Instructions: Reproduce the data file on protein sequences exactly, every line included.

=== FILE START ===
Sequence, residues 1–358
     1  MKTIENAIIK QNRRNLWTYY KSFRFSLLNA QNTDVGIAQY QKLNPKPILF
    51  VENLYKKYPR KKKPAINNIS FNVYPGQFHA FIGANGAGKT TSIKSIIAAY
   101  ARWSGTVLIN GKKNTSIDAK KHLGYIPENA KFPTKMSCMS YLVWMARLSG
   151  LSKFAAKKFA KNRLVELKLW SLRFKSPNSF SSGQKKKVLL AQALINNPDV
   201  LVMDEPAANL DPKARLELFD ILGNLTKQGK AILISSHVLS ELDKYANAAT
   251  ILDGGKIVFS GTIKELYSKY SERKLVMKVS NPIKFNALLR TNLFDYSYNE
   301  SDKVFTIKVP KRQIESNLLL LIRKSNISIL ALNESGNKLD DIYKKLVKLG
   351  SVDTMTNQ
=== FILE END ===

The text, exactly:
Sequence, residues 1–358
     1  MKTIENAIIK QNRRNLWTYY KSFRFSLLNA QNTDVGIAQY QKLNPKPILF
    51  VENLYKKYPR KKKPAINNIS FNVYPGQFHA FIGANGAGKT TSIKSIIAAY
   101  ARWSGTVLIN GKKNTSIDAK KHLGYIPENA KFPTKMSCMS YLVWMARLSG
   151  LSKFAAKKFA KNRLVELKLW SLRFKSPNSF SSGQKKKVLL AQALINNPDV
   201  LVMDEPAANL DPKARLELFD ILGNLTKQGK AILISSHVLS ELDKYANAAT
   251  ILDGGKIVFS GTIKELYSKY SERKLVMKVS NPIKFNALLR TNLFDYSYNE
   301  SDKVFTIKVP KRQIESNLLL LIRKSNISIL ALNESGNKLD DIYKKLVKLG
   351  SVDTMTNQ